The current shipping times cannot be compared to those of the past, and as evidence from 2019 suggests, states like Greece, Japan, the USA and the United Kingdom ranked high among the top 10 ship owning states, as documented in the Maritime Executives Report.

Clearly, times change, with the world being fast-paced with increased ships and advanced vessels. As a result, the cargo is likely to arrive before a paper bill of lading. This is because paper bills of lading are dependent on transport services to reach the consignee, and this can prove to be a quite costly and slow process, notwithstanding that in-transport risks of fraud can indeed be seen as another challenge.

As a solution to the challenges raised over paper-based bills of lading comes the introduction of electronic bills of lading. The Rotterdam Rules as drafted in 2008, under Article 1(18) entail an advanced development in new forms of bill of lading, acknowledging the use of electronic bills of lading as electronic transport records issued by a carrier in a contract of carriage between the carrier and shipper in this regard.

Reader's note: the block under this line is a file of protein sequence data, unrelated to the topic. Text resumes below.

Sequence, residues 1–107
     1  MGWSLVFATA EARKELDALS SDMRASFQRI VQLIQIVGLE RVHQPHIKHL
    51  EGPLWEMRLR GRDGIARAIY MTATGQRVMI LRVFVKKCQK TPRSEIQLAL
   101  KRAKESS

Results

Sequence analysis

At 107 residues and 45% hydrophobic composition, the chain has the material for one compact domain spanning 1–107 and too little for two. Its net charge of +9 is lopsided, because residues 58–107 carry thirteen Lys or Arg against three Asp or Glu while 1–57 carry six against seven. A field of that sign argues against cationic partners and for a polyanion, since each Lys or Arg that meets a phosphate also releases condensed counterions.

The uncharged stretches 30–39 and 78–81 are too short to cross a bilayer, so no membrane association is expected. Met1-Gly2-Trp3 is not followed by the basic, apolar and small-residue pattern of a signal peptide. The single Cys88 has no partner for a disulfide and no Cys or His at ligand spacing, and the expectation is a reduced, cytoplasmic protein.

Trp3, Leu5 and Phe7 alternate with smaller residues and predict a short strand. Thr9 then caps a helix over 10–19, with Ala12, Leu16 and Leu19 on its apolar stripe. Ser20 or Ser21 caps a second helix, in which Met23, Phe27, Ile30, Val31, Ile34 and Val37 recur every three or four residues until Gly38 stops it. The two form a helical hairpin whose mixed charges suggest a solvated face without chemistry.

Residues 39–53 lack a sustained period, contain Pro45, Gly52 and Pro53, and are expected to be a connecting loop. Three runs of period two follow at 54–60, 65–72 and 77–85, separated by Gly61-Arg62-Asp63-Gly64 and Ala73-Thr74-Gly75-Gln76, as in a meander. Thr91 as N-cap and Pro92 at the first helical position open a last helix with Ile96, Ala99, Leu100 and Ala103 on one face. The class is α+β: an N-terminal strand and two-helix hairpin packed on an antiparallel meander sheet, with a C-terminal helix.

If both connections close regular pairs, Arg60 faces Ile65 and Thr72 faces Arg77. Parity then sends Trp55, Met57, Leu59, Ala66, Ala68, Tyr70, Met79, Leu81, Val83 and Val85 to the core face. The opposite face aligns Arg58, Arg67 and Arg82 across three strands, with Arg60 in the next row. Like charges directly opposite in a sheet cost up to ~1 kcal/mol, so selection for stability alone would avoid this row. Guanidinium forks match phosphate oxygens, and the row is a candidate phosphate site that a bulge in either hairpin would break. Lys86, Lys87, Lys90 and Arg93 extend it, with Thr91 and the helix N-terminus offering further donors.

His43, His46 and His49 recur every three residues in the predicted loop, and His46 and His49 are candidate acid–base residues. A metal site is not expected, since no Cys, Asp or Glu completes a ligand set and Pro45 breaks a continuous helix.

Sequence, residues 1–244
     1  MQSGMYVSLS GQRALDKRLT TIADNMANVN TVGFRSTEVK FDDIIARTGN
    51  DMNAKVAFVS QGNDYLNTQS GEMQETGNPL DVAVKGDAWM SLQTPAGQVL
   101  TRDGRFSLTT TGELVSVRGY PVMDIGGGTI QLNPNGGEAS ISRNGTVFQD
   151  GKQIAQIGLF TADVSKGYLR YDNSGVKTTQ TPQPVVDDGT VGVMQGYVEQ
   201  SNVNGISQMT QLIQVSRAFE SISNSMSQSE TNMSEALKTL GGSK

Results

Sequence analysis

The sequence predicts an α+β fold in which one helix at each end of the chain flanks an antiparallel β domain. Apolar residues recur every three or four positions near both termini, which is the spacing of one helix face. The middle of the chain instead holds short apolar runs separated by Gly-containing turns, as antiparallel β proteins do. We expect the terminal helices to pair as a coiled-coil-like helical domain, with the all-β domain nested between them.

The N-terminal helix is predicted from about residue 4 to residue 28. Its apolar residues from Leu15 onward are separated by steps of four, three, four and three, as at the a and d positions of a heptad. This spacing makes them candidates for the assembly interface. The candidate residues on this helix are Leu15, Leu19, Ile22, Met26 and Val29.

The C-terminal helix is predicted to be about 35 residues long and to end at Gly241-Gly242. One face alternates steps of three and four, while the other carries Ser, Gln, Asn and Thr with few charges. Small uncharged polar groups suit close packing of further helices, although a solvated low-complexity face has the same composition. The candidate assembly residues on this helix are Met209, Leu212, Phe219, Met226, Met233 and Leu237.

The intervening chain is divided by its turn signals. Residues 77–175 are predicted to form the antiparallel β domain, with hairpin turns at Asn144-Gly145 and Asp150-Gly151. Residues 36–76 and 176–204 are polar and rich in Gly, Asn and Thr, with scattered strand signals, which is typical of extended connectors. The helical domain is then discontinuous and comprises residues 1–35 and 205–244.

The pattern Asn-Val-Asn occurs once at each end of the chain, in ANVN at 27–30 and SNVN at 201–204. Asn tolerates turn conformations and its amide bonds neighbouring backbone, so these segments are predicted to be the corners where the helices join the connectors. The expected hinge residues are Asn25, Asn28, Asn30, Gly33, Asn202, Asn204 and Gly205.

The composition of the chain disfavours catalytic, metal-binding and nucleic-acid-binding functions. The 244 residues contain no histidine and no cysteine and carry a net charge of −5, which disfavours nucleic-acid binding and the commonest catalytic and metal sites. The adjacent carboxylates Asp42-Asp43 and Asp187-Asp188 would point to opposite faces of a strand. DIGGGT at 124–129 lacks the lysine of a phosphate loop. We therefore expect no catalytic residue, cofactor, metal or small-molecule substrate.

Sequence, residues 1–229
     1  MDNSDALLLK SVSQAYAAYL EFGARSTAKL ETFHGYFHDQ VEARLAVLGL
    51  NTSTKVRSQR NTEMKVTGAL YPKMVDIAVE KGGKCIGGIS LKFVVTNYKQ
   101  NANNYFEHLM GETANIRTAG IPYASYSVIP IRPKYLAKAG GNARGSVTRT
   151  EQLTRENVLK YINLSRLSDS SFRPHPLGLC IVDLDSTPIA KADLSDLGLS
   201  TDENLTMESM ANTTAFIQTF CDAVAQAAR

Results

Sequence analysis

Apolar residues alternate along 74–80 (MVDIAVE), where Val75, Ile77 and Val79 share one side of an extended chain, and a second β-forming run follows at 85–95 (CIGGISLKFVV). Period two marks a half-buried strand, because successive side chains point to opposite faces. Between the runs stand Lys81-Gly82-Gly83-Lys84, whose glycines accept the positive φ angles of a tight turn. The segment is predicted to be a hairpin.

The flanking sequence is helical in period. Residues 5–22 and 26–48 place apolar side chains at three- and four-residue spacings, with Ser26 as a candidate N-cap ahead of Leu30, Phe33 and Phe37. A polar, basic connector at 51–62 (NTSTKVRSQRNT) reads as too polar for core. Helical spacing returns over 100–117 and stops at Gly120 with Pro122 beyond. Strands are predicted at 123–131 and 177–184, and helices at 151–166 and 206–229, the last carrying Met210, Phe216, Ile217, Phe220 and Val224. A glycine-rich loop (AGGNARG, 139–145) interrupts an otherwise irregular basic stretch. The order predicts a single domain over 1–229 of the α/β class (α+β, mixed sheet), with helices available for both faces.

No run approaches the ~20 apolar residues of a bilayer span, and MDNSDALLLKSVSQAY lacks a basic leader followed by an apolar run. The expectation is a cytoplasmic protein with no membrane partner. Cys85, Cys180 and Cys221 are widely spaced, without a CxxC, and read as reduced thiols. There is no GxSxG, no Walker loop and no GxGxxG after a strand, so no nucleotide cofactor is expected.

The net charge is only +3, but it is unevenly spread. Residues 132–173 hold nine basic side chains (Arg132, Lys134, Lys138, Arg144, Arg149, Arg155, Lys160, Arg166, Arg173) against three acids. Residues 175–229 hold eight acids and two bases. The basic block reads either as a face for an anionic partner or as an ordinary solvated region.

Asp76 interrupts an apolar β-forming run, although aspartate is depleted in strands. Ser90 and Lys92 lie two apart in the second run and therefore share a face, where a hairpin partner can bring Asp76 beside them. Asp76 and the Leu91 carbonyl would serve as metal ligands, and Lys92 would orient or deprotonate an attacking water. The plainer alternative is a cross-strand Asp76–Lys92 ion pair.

The article ‘E-bills of lading’ on Lexology comments on the issues an electronic bill of lading aims to solve: e.g. by being a faster medium as it is transferred online, it is cheaper, less attractive to fraud, and limits those situations where the consignee seeks a letter of indemnity from a financial institution to be issued the cargo by the carrier. Hence, to avoid more expenses of demurrage which may arise from spending all the laytime allocated by the carrier from the time the ship is at berth waiting for the unloading of the cargo.